These children do not need my pity or wise instruction; they need someone to listen and encourage them. They need someone who can recognize their brilliance and their challenges; they need someone with something positive to say; they need to know their Creator. I seek to invest in lives and attempt to understand my friends’ daily battles. On my bad days, I pretend everything is ok and on my better days I realize the ugliness of my sin of ignorance.

I feel like there are two parts to this chosen avoidance. First my daily life becomes a blinder. I live with friends all blessed beyond understanding and I go home to a family who has excelled through life. I fear that I will never understand poverty. The more I think about poverty, the more I recognize this reality. Even if I gave everything and lived a life of “poverty”, I would always know I could escape with a word to my family; and therefore I will never understand the binding power of the absence of opportunity. This lack of understanding becomes a getaway crutch.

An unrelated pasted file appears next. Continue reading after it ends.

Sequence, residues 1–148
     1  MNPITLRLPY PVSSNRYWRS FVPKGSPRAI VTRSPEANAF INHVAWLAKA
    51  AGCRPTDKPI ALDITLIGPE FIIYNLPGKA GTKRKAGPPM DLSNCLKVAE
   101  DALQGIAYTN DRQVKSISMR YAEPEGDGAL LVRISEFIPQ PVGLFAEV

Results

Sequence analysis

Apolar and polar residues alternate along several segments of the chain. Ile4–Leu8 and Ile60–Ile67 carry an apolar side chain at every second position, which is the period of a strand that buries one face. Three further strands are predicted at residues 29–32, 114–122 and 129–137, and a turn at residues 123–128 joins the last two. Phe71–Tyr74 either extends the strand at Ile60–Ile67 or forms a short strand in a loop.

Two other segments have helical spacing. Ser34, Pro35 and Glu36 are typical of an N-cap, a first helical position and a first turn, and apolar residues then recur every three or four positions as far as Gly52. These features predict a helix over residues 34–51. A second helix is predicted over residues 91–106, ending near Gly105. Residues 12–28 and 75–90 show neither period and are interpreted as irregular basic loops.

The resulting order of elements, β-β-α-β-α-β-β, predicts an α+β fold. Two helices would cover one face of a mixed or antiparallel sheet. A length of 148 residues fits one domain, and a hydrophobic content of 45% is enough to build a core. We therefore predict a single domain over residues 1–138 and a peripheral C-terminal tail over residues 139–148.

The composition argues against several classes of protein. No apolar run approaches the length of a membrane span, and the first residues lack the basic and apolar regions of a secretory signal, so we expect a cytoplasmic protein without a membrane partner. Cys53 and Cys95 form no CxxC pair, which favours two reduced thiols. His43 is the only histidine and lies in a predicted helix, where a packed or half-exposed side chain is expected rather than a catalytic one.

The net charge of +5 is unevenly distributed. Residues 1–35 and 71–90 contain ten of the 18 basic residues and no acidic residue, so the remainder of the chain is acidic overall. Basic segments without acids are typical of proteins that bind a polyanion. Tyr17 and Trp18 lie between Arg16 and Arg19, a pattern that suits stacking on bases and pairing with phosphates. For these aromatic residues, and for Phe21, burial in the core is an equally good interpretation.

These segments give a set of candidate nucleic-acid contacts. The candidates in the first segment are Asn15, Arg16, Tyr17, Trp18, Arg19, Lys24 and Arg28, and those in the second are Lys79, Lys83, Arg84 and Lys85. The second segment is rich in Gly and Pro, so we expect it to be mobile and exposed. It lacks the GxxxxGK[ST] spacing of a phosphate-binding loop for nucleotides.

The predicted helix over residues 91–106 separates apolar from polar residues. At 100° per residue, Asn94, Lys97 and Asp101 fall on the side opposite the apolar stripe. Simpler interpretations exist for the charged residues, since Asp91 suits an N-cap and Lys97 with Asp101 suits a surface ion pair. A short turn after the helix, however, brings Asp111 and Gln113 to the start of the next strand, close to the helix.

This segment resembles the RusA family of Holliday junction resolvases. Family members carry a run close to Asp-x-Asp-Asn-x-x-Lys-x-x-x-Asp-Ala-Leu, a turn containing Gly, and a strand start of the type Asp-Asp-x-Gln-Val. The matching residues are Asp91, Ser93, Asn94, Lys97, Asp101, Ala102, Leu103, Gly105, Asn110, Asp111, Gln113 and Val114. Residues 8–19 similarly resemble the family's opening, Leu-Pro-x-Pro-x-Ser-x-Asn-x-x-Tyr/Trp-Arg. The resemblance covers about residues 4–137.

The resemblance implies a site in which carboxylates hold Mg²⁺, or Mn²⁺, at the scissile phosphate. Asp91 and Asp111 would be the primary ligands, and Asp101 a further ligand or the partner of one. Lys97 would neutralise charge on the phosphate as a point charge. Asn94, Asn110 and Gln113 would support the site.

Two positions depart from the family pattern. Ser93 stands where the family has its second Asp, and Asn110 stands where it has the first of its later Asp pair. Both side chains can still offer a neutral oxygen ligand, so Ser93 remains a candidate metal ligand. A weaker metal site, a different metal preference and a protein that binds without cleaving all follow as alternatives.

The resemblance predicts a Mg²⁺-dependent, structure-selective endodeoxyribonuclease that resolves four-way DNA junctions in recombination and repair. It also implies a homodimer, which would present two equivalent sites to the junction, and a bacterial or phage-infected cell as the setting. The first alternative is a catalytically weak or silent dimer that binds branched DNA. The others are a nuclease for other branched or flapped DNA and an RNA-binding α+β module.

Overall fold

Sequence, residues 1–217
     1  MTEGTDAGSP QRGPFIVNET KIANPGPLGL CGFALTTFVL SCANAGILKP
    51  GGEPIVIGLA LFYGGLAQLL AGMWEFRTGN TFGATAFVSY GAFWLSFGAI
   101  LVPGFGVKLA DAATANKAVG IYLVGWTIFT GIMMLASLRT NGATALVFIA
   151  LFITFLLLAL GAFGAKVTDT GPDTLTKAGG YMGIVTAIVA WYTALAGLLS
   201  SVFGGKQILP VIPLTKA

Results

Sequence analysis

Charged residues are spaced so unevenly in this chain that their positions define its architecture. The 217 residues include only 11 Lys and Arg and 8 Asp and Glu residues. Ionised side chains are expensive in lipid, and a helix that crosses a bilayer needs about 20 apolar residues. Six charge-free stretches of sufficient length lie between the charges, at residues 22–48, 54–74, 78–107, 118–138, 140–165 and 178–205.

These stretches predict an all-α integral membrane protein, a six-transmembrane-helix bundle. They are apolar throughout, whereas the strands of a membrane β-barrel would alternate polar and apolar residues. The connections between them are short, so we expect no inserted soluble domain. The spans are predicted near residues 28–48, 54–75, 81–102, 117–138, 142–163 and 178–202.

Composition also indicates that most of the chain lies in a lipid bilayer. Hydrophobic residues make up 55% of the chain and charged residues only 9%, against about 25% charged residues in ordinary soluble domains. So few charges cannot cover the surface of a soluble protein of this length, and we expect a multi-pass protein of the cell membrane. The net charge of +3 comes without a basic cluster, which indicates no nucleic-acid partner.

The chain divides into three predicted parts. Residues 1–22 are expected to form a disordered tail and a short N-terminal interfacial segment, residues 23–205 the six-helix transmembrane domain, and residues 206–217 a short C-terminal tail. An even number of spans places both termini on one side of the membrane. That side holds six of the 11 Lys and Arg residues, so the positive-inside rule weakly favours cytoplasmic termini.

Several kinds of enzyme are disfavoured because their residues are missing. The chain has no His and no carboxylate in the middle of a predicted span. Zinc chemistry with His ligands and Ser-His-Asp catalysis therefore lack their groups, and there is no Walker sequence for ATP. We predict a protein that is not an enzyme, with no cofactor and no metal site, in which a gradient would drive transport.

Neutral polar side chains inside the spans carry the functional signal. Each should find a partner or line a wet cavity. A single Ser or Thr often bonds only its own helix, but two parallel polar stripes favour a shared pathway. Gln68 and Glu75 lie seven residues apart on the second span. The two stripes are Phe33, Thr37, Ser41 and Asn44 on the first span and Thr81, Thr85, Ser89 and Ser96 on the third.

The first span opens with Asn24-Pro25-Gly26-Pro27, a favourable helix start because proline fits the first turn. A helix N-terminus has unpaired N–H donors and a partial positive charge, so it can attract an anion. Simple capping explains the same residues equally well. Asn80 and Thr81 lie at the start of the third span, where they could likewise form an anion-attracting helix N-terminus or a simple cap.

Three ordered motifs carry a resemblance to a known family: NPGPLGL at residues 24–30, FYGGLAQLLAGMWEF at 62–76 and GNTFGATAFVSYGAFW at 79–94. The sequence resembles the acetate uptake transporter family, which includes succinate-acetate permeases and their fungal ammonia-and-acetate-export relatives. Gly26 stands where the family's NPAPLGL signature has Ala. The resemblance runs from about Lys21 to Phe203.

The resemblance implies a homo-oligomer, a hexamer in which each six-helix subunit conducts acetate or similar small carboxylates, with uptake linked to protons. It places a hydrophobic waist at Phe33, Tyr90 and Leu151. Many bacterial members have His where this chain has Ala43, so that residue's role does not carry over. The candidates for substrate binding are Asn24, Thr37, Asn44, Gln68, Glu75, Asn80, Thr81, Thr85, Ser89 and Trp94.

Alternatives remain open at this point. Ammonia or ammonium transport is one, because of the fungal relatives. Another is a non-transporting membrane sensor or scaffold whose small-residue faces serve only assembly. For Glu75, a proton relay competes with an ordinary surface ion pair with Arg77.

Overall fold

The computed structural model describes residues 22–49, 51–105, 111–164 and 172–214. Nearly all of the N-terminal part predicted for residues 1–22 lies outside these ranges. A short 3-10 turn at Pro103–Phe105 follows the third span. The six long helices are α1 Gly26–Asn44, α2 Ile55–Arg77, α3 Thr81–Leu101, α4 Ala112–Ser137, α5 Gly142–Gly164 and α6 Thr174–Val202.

The second part is that I am overwhelmed by the problems. It is hard to know the truth and still feel powerless. Ignorance can be so blissful. I am reminded of the movie Blindside. The picture of two worlds colliding and the realization that all the stereotypes, both parties held, are lies passed through generations. I just want to fix things…find solutions…care for all the hurting. I want to break the restrictions we put on ourselves and reveal the true beauty within each of us. Yet, I am overwhelmed by the task, so I avoid the problem.